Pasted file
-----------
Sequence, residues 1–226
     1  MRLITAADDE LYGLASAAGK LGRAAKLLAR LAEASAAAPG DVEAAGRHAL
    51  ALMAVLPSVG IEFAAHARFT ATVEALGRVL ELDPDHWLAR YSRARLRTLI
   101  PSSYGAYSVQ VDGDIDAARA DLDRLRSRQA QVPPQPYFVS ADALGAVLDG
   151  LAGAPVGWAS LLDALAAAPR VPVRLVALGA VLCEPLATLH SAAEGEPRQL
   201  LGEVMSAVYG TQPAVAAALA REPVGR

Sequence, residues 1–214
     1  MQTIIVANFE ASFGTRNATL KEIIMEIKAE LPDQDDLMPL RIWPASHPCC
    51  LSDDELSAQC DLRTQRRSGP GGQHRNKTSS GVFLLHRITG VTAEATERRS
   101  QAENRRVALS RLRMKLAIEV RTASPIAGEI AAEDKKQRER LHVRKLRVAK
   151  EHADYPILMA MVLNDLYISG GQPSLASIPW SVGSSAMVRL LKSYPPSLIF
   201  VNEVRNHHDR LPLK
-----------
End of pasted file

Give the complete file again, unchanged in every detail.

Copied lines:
Sequence, residues 1–226
     1  MRLITAADDE LYGLASAAGK LGRAAKLLAR LAEASAAAPG DVEAAGRHAL
    51  ALMAVLPSVG IEFAAHARFT ATVEALGRVL ELDPDHWLAR YSRARLRTLI
   101  PSSYGAYSVQ VDGDIDAARA DLDRLRSRQA QVPPQPYFVS ADALGAVLDG
   151  LAGAPVGWAS LLDALAAAPR VPVRLVALGA VLCEPLATLH SAAEGEPRQL
   201  LGEVMSAVYG TQPAVAAALA REPVGR

Sequence, residues 1–214
     1  MQTIIVANFE ASFGTRNATL KEIIMEIKAE LPDQDDLMPL RIWPASHPCC
    51  LSDDELSAQC DLRTQRRSGP GGQHRNKTSS GVFLLHRITG VTAEATERRS
   101  QAENRRVALS RLRMKLAIEV RTASPIAGEI AAEDKKQRER LHVRKLRVAK
   151  EHADYPILMA MVLNDLYISG GQPSLASIPW SVGSSAMVRL LKSYPPSLIF
   201  VNEVRNHHDR LPLK